2. A rotary pump of the sliding vane type comprising a housing having a pump chamber, the inner surface of which is cylindrical, an intake chamber extending axially of the housing and a discharge chamber extending axially of the housing, said intake and. discharge chambers communicating with the pump chamber adjacent the periphery of the pump chamber at substantially diametrically disposed regions for the flow of fluid into and from the pump chamber in a direction axially thereof, a rotor mounted in said pump chamber for rotation about an axis eccentric relative to the pump chamber, said rotor having a plurality of oircumferentially spaced radially extending slot-s disposed axially thereof, each of said slots having an arcuate bottom and the radial depth of said slots increasing from the ends of the rotor towards the intermediate portion thereof, and a vane radially slidably mounted in each slot and having its radially innermost edge of arcuate formation corresponding to that of the bottom of the slot, each of said vanes having its arcuate edge provided with a groove to avoid adherence of the vane to the bottom of the slot in which it is mounted, each of said vanes having in its leading face a groove extending radially from its inner edge to its outer edge to facilitate penetration of fluid into the bottom of the slots in which the vanes are mounted, said radial grooves being of suflicient depth to provide a bypass from one side of the vane to the other when the vane lies between its upper dead center position and a position in advance of dead center to prevent hammering.

3. A rotary pump of the sliding vane type comprising a housing having a pump chamber, the inner surface of which is cylindrical, an end wall closing one end of the cylindrical pump chamber, an intake chamber extending axially of the housing and a discharge chamber extending axially of the housing, said intake and discharge chambers communicating with the cylindrical pump chamber through the end opposite that closed by said end wall adjacent the periphery of the pumpchamber at substantially diametrically disposed regions for the flow of fluid into and from the pump chamber in a direction axially thereof, a rotor mounted in said pump chamber for rotation about an axis eccentric relative to the pump chamber and with one end in engagement with said closed end wall, said rotor having :a plurality of circumferentially spaced radially extending slots disposed axially thereof, and a vane radially slidably mounted in each slot, said rotor having a plurality of circumferentially spaced openings extending axially therethrough between the vane receiving slots and positioned between the axis and periphery of the rotor to communicate at one end with the intake and. discharge chambers as the rotor moves relatively to said chambers and to be closed at their other ends by said end Wall.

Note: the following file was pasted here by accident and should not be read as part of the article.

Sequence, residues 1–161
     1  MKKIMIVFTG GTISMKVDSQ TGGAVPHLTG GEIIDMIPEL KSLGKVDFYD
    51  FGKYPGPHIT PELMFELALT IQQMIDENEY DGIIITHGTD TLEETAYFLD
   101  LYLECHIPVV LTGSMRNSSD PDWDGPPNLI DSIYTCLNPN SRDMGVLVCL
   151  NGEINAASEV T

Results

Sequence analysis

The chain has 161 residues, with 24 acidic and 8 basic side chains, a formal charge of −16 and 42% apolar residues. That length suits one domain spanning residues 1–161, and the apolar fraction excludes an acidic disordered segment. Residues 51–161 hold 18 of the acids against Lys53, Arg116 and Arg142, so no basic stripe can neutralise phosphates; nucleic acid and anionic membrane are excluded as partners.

4. A rotary pump of the sliding vane type comprising a housing having a pump chamber, the inner surface of which is cylindrical, an end wall closing one end of the cylindrical pump chamber, an intake chamber and a discharge chamber each extending axially of the housing, said intake and discharge chambers communicating with the cylindrical pump chamber through the end opposite that closed by said end wall, adjacent the periphery of the pump chamber at substantially diametrically disposed regions for the flow of fluid into and from the pump chamber in a direction axially thereof, a rotor mounted in said pump chamber for rotation about an axis eccentric relative to the pump chamber and with one end in engagement with said closed end wall, said rotor having a plurality of circumferentially spaced radially extending slots disposed axially thereof, each of said slots having an arcuate bottom and the radial depth of said slots increasing from the ends of the rotor towards the intermediate portion thereof, and a vane radially slidably mounted in each slot and having its radially innermost edge of arcuate formation corresponding to that of the bottom of the slot, each of said vanes having its arcuate edge provided with a groove to avoid adherence of the vane to the bottom of the slot in which it is mounted, each of said vanes having a groove extending radially from its inner edge to its outer edge to facilitate penetration of fluid into the bottom of the slots in which the vanes are mounted, said rotor having a plurality of circumferenti-ally spaced openings extending axially therethrough between the vane receiving slots and positioned between the axis and periphery of the rotor to communicate at one end with the intake and discharge chambers as the rotor moves relatively to said chambers and to be closed at their other ends by said end wall.

HENRI CHARLES GUSTAVE VINCENT.

REFERENCES CITED The following references are of record in the file of this patent:

UNITED STATES PATENTS Number Name Date 1,793,007 Pearson Feb. 17, 1931 2,035,465 Erskine et a1 Mar. 31, 1936 2,178,425 Johnson Oct. 31, 1939 2,225,803 smith Dec. 24, 1940 2,287,369 Anderson June 23, 1942 2,333,323 Livermore Nov. 2, 1943 2,335,284 Kendrick Nov. 30, 1943 2,423,639 Czarnecki July 8, 1947 2,468,948 Smith May 3, 1949 FOREIGN PATENTS Number Country Date 58,400 Sweden Mar. 3, 1925

Patent Citations
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Referenced by
Citing PatentFiling datePublication dateApplicantTitle
US2786421 *May 26, 1954Mar 26, 1957Hamilton GordonRotary pump or motor
US2809593 *Jul 21, 1953Oct 15, 1957Vickers IncPower transmission
US3221665 *Jan 15, 1965Dec 7, 1965Hartmann Mfg CoHydraulic pump or motor with hydraulic pressure-responsive vane
US3627456 *Mar 25, 1970Dec 14, 1971Diversified ProdVanes for fluid power converter
US4431389 *Jun 22, 1981Feb 14, 1984Vickers, IncorporatedPower transmission
US4521167 *Apr 8, 1983Jun 4, 1985Cavalleri Robert JLow frictional loss rotary vane gas compressor having superior lubrication characteristics
EP1000223A2 *Jul 10, 1998May 17, 2000Thermo King CorporationHigh efficiency rotary vane motor
EP1000223A4 *Jul 10, 1998May 15, 2002Thermo King CorpHigh efficiency rotary vane motor
Classifications
U.S. Classification418/268
International ClassificationF01C21/08, F01C21/00
Cooperative ClassificationF01C21/0863
European ClassificationF01C21/08B2D2